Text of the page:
It takes faith to have a liberal worldview these days. Sometimes when I see what people are doing to one another and I observe politics run amok, I can see how John Calvin might have arrived at his doctrine of total depravity. It is easy to forget that humankind also has an incredible capacity for good. The Universalist Church of the small town of Camp Hill has long been a testament to the ability of people to reach for a higher good.  Camp Hill resident and columnist for The Dadeville Record, Dean Bonner related some of the history of the church and the community in his October 17 article, “Camp Hill Universalist Church recognized on state historic registry.”  Church members from the beginning of its history were involved in town industry as well as in building schools and promoting education in the community. One of the most notable examples is The Rev. Dr. Lyman Ward, a Universalist minister who established a school for underprivileged rural youth, the Southern Industrial Institute (later named Lyman Ward Military Academy).  Ward modeled his school after Booker T. Washington’s Tuskegee Normal and Industrial Institute and in fact became friends with and received assistance from Booker T. Washington.

In terms of an optimistic vision for society, in addition to the Winchester Profession, the Unitarian Universalist Association has adopted Seven Principles which are promoted by each congregation:
  •  The inherent worth and dignity of every person;
  • Justice, equity and compassion in human relations;
  • Acceptance of one another and encouragement to spiritual growth in our congregations;
  • A free and responsible search for truth and meaning;
  • The right of conscience and the use of the democratic process within our congregations and in society at large;
  • The goal of world community with peace, liberty, and justice for all;
  • Respect for the interdependent web of all existence of which we are a part.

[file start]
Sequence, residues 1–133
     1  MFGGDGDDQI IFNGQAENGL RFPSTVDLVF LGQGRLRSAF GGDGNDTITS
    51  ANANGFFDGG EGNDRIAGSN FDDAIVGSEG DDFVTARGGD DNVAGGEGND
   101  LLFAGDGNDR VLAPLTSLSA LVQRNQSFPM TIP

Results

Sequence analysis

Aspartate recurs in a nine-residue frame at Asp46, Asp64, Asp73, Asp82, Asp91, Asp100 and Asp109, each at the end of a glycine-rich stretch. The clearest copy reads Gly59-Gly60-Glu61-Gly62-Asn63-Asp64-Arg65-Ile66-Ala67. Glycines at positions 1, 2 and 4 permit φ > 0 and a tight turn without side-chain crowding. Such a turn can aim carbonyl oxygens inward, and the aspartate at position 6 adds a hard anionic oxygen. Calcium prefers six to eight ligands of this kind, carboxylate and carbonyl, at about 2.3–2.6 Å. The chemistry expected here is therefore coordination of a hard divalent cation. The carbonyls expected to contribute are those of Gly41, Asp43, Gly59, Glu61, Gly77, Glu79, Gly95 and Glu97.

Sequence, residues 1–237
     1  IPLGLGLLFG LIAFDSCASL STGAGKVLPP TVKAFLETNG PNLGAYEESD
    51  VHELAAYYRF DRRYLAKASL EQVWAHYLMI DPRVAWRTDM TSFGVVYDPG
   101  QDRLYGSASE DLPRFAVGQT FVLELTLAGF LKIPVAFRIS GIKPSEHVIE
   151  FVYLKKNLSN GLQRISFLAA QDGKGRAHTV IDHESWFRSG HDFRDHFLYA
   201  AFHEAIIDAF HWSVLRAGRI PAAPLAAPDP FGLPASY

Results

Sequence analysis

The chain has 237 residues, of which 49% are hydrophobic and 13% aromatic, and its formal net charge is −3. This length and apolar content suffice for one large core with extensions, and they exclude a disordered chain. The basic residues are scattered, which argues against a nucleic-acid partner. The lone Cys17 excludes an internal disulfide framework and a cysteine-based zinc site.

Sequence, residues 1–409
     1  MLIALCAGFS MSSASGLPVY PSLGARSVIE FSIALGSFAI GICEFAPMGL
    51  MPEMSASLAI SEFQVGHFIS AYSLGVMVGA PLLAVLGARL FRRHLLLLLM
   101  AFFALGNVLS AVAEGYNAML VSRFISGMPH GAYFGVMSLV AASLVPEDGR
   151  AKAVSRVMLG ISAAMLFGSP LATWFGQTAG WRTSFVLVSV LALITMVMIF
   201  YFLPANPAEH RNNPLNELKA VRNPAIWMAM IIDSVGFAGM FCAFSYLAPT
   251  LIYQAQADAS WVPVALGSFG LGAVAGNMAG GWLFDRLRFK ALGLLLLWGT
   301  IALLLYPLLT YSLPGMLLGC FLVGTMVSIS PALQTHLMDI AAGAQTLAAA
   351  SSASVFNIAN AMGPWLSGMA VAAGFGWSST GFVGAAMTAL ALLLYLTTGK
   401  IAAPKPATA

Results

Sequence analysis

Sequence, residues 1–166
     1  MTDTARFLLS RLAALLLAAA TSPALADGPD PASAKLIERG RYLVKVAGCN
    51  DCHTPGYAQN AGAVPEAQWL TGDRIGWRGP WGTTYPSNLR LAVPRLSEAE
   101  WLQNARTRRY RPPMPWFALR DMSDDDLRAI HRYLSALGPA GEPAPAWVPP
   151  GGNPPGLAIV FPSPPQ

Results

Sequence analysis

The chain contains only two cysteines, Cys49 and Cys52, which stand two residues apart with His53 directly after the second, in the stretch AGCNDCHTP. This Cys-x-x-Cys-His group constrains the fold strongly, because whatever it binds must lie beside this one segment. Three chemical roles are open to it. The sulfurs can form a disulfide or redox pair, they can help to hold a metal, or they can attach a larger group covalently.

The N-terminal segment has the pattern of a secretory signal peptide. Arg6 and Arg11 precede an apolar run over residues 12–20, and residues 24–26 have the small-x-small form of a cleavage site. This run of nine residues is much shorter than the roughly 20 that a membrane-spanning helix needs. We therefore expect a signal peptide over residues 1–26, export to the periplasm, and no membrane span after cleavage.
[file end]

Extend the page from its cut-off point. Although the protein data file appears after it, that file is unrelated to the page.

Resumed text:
Go Now in Peace

The Universalist Church arose when people dared to believe that God is truly a God of love. People for some reason have tended to get excommunicated by the establishment for such ideas, but how liberating it can be if we can learn to live in response to love, rather than in fear of punishment. The Unitarian/Universalists have also championed reason in the quest for truth. If you are looking for a hopeful community that stands for love, justice, liberty and reason then you may want to consider the Unitarian/Universalists. If you are in the vicinity of Camp Hill in Tallapoosa County, definitely consider paying a visit to the First Universalist Church.  It is a place where love and reason dwell.

                                                                                                                                      ~ Charles Kinnaird








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Photos taken by Charles Kinnaird

In second from the top is a view of the pulpit Bible which was recently restored by Auburn University.
The last photo is the new historic marker which reads:

"The First Universalist Church of Camp Hill was the largest Universalist Church in the southeastern United States in the first half of the 20th century. With its roots in the European Enlightenment, Universalism was transplanted to the American colonies by religious sojourners and was flourishing in this country by the time of the Revolutionary War. A Christian denomination, the defining tenet of Universalism was 'universal' salvation, the belief that a gentle God would not condemn any soul to a literal hell. The Universalist Church of America merged with the American Unitarian Association in 1961, forming the Unitarian Universalist Association."
On the reverse side: "The First Universalist Church of Camp Hill was established in 1846 as Liberty Universalist Church. The name was changed in 1909. The original meeting place was a brush arbor on the present site of Mt Lovely Baptist Church. A simple cabin soon replaced the arbor and served until 1884 when a larger wood-framed church was built on this site. Membership burgeoned, and the striking brick sanctuary was completed in 1907. Designed by Daniel A. Helmich, a Birmingham architect, the church was built with local labor using mostly indigenous materials."



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1 comment:

  1. Lovely article, Charlie. If I were still going to church, I would definitely check out Universalist/Unitarian congregations. The best Christian churches share most of the U/U tenets; even the current Pope would no doubt agree with them. (Well, democratic processes aren't so valued in hierarchical churches, but this pope seems more inclined to democracy, perhaps??) Here's a good book about universalism in Christianity: If Grace Is True, by Philip Gulley and James Mulholland. http://www.harpercollins.com/books/If-Grace-True/?isbn=9780061574047?AA=index_authorIntro_20233
    Neither of them U/U, by the way. Universalism, to me, is an essential tenet of the truest and highest religion. Not alone, not without those other beliefs and practices (justice, dignity, liberty, compassion).